Ottawa Trip Part 2: Upstate New York...and Kingston?
Kingston, ON. (Map)
Plattsburgh is situated on the shores of Lake Champlain, a water body which is home to a number of lighthouses.
The reason there are lighthouses on this lake came in the 1800s. With a railway connecting the St. Lawrence Seaway to Lake Champlain, there was now an alternate option to shipping goods the entire length of the St. Lawrence.
This meant a major increase in ship numbers upon Lake Champlain. Three new lighthouses were constructed to aid in navigation & one of them was the Point Au Roches Lighthouse - constructed in 1858 of nearby Isle La Motte Limestone. Its specific purpose was to guide ships away from the dangerous shoals at the point of land near Beekmantown, NY (minutes outside of Plattsburgh).
The Coast Guard sold the land around the lighthouse & automated the light in 1934. The lightkeeper's house was moved slightly and became a private residence (you can see it in the second picture of this update). In addition, the surrounding land was subdivided & additional houses were built in the vicinity.
Of course this makes things tricky for people like myself, since there is no public access to the lighthouse. Going into this trip & looking at aerials, I noticed a vacant lot nearby & figured I could walk through there and then along the shore to the lighthouse (to avoid going through someone's yard).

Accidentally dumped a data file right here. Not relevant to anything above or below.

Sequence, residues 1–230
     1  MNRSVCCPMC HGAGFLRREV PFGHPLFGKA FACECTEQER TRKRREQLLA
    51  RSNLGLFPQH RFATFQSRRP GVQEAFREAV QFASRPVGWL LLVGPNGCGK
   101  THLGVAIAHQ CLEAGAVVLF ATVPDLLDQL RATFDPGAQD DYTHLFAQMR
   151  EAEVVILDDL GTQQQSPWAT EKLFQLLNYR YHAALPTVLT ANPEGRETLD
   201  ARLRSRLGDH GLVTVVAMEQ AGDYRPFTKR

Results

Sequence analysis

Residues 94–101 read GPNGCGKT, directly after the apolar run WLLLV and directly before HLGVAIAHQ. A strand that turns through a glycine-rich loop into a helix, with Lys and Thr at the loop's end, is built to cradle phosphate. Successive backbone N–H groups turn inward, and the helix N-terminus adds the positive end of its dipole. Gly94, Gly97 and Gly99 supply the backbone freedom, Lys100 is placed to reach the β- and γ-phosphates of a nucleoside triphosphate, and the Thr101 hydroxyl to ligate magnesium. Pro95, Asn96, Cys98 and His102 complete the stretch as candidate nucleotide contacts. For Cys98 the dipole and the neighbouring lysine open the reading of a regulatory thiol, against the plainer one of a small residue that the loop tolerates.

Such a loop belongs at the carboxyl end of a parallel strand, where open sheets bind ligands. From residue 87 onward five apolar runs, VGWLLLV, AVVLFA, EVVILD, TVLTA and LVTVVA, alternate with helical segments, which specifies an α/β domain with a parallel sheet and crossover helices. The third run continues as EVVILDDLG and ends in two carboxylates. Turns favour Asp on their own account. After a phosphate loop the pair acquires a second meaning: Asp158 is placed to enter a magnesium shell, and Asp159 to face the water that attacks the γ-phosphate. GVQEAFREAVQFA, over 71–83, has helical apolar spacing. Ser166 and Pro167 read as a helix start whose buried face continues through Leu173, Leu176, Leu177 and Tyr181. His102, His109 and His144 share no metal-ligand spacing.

It was a windy & very cold morning, with temps in the teens and windchills making it feel significantly colder. I figured if any homeowner was normally bothered by lighthouse people, they'd likely feel sorry for me & just leave me alone.
It didn't seem extremely cold, but I was only out of the frozen lake for a couple of minutes & my fingers were already shooting with pain. It was all very nice, and I was happy to finally behold Lake Champlain, but I hustled back to the car.
As I warmed up in the car, I noticed a cardinal bird mailbox & remembered a friend telling me that this is cardinal territory. Just as I was thinking that it was a shame that they're not around in February, a bright red cardinal landed on the mailbox support, chirped & then flew off.